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Get the ultimate foundation in Adobe Photoshop CC, in this update to the flagship series Photoshop One-on-One. Deke takes you on a personalized tour of the basic tools and techniques that lie behind great images and graphic design, while keeping you up to speed with the newest features offered with Creative Cloud. Learn to open images from multiple sources, get around the panels and menus, and work with layers—the feature that allows you to perform masking, combine effects, and perform other edits nondestructively. Then Deke shows how to perform important editing tasks, such as cropping and straightening images, adjusting the luminance of your image, correcting color imbalances and enhancing color creatively, and finally, retouching and healing.
In this movie, I'll show you a couple of tools that allow you to automatically straighten an image. There's the relatively new Straighten tool. And then there's the older, but I believe to be better, Ruler tool. And I'll show you how they both work so you can make your own choice. We have before us the, classic tourist pushes a Pisa photograph that remains fresh as ever. Regardless of how many billions of people have done it. But the photographer seems to have had trouble choosing which to make straight, the horizon or the tower, because neither are.
And what you typically see folks do is try to make Pisa look like it's tipping over more than it is by making the ground go this way. But actually, the tower should be tippier than all this. So we need to make the horizon line straight. Two ways of approaching it. One is to grab yourself the Crop tool. And then notice up here in a Tool bar, we've got the Straighten tool that's available to us. And you can get to it either by clicking on the little icon or by clicking on the word straighten. Either works.
And then, what you want to do is drag along the horizon line. You could also drag along a vertical element if you prefer, but the horizon is usually the safest bet. The problem is you really just get kind of one shot at this because after you drag the line and release, then Photoshop goes ahead and straightens the image and switches you away from the Straighten tool. So, if you find out you haven't done it exactly right, then you need to reselect the Straighten tool and try again. But to its credit, the Crop tool does go ahead and crop away all of the wedges.
Notice that we've rotated the image. And the crop boundary's now as big as it can be, without revealing any areas that would otherwise be transparent. Notice that between movies, I went ahead and reselected Delete Cropped pixels. So if I didn't want to delete this pixels that are outside the boundary, I would have to go ahead and turn that checkbox off. And you can turn it on and off while you're in the middle of performing the operation. So, that's good news. But I'm going to leave it on because I want you to see something here. This is very interesting.
I'll go ahead and press the Enter key or the Return key on the Mac. And sure enough, the Crop tool, per my instructions, has gone ahead and applied a destructive modification because we are still left with the background image here inside the Layers panel. Anyway, I'll go ahead and press Control+Z or Command+Z on a Mac to undo that change. Here's the way I prefer to work. You go to the Eyedropper tool, click and hold, and then you choose the Ruler tool, which has been around inside Photoshop forever. And then, you drag along the horizon line, just as you do with the Straighten tool.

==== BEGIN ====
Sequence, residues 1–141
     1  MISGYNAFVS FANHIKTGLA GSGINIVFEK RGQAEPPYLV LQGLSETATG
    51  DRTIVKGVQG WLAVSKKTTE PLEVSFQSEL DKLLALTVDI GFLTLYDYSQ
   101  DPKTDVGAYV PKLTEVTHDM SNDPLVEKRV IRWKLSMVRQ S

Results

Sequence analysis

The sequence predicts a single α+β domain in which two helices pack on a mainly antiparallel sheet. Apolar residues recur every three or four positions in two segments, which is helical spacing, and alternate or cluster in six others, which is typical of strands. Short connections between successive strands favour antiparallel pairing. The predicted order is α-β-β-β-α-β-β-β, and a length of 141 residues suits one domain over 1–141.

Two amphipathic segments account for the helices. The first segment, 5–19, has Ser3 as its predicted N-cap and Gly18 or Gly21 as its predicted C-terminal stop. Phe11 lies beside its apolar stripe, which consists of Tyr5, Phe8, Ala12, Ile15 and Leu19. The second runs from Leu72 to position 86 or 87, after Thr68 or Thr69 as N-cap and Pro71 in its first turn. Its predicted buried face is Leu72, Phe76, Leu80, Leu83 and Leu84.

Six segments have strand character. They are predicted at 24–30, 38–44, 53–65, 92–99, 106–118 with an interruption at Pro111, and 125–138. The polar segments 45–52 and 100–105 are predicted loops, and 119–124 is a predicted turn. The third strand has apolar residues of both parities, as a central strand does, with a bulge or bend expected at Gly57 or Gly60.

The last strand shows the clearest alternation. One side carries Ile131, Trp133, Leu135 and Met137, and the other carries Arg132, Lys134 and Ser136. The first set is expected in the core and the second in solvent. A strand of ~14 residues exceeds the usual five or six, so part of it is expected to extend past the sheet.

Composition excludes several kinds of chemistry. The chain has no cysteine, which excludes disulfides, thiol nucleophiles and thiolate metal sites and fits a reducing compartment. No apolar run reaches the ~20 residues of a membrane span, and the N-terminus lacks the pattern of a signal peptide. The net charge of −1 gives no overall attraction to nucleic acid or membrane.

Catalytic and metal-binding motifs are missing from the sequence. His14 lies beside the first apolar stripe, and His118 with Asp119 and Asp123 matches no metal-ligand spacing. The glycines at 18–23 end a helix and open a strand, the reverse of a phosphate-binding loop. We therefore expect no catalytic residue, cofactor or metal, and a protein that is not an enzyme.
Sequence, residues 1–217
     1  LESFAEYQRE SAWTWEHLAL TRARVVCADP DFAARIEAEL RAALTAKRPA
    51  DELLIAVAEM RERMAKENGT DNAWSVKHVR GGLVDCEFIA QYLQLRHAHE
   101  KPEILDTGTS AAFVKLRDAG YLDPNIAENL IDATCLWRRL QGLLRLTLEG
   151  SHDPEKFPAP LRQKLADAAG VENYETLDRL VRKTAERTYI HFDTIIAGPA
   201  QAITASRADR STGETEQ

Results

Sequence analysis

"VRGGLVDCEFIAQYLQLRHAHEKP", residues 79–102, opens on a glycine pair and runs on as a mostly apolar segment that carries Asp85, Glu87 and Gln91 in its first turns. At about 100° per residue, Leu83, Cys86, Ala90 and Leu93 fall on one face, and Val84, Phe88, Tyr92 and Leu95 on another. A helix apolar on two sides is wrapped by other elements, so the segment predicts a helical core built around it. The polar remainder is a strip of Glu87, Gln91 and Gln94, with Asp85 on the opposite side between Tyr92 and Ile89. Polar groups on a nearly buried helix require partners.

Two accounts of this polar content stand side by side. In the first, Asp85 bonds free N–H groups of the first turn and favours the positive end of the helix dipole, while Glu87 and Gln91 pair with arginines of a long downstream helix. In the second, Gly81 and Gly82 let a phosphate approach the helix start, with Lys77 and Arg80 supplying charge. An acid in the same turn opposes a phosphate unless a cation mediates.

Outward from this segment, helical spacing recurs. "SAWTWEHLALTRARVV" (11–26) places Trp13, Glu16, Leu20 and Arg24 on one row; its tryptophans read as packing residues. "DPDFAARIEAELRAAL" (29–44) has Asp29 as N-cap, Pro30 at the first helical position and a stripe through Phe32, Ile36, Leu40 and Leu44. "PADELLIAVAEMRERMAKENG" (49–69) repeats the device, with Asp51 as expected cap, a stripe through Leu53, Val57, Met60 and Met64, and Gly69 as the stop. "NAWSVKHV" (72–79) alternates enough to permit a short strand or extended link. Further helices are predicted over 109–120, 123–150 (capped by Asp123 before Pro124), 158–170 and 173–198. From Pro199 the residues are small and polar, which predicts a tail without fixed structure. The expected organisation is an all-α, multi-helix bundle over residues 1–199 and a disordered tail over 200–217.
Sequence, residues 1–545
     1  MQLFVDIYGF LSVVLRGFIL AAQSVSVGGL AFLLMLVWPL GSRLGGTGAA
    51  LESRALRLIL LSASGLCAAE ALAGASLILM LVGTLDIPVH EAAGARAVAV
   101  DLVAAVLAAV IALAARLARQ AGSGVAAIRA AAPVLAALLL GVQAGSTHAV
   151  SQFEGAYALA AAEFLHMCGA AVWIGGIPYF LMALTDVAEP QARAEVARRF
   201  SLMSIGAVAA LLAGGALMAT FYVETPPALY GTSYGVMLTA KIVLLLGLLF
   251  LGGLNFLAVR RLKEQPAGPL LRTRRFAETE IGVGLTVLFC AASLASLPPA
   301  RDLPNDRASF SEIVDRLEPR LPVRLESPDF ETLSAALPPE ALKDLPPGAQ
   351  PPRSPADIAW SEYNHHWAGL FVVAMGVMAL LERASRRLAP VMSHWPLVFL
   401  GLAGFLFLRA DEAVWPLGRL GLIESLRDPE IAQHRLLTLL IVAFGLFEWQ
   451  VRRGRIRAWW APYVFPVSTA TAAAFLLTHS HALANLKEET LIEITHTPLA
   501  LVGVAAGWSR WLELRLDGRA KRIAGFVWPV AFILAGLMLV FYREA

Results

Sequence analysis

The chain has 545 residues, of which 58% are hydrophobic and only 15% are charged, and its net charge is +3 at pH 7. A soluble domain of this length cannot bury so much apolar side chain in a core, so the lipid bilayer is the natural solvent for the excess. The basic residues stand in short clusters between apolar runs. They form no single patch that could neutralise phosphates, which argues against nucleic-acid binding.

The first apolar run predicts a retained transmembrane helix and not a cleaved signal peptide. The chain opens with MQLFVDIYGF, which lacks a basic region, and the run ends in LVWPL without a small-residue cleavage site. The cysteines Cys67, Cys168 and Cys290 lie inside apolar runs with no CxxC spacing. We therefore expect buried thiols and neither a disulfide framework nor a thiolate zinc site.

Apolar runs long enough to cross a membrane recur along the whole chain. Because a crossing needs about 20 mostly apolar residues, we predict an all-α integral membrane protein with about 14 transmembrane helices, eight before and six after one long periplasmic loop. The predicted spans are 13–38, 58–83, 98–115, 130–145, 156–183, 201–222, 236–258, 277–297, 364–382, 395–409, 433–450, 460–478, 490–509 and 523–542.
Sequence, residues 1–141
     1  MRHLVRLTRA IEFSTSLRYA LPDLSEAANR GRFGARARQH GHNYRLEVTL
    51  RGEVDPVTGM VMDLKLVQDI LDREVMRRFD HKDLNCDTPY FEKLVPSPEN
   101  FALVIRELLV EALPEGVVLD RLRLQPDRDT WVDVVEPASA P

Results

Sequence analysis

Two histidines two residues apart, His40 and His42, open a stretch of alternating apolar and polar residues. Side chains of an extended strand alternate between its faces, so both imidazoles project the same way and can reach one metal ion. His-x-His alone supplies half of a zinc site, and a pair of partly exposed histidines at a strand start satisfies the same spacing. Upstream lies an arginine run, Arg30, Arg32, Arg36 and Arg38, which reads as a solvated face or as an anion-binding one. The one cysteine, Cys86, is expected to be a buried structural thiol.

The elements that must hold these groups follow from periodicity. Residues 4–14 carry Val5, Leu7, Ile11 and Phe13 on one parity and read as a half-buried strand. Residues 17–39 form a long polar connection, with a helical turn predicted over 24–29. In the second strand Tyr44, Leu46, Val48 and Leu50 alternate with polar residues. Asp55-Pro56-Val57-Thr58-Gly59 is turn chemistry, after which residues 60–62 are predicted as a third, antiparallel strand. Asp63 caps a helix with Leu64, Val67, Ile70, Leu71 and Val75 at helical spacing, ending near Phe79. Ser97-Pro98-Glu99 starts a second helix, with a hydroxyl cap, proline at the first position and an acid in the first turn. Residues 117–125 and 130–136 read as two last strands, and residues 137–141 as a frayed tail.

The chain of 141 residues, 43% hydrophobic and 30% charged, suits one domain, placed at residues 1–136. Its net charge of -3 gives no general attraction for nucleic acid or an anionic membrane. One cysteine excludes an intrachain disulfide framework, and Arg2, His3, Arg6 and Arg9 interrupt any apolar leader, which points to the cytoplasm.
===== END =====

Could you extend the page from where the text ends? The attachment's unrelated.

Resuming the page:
But, the advantage is that nothing happens immediately. So, if you're not sure you've gotten it exactly right, why then you can modify this line as much as you want. So I'm going to go ahead and zoom in here and try to get this ruler line exactly right. And this appears to be more or less it, let's say. And then, once you think that you've got a line that matches the horizon, you go up to the options bar and click on this button Straighten Layer. And that not only goes ahead and straightens the image, it generates an independent layer automatically.
So, there's no chance of this tool being any more destructive than it has to be. Obviously, it has to rewrite the pixels because we're rotating the image. But otherwise, we have not cropped the image at all. And in fact, Photoshop just went ahead and rotated the image inside of its original boundary, so that the canvas size is the same as it ever was. Now what you do is, go ahead and switch back to the Crop tool and you can modify the crop boundary to taste. I'm going to go ahead and take it down a little bit like so, to right about there.
It's sort of snapping on me a little bit. And then, I'll go ahead and drag down to reveal the model's foot, to about there, let's say. Now, if you don't want this snapping to occur, which I don't, then you can go up to the View menu and turn off the Snap command. And then I'll go ahead and drag down and notice now I have a little more control. I'm not snapping to the canvas anymore, so I have a little more room. Around the model's foot. And I can drag upward a little bit as well if I like in order to bring back some more of that sky.
And then I'll press the Enter key, or the Return key on the Mac, in order to apply that change. Now you may look at this and say well, Deke, you have some wedges. Around here, everybody's going to notice that portions of the image are missing. And, that's true of course, the way things are now. But I'm going to show you how to rebuild these missing details, so that the image looks exactly right, in the very next movie.
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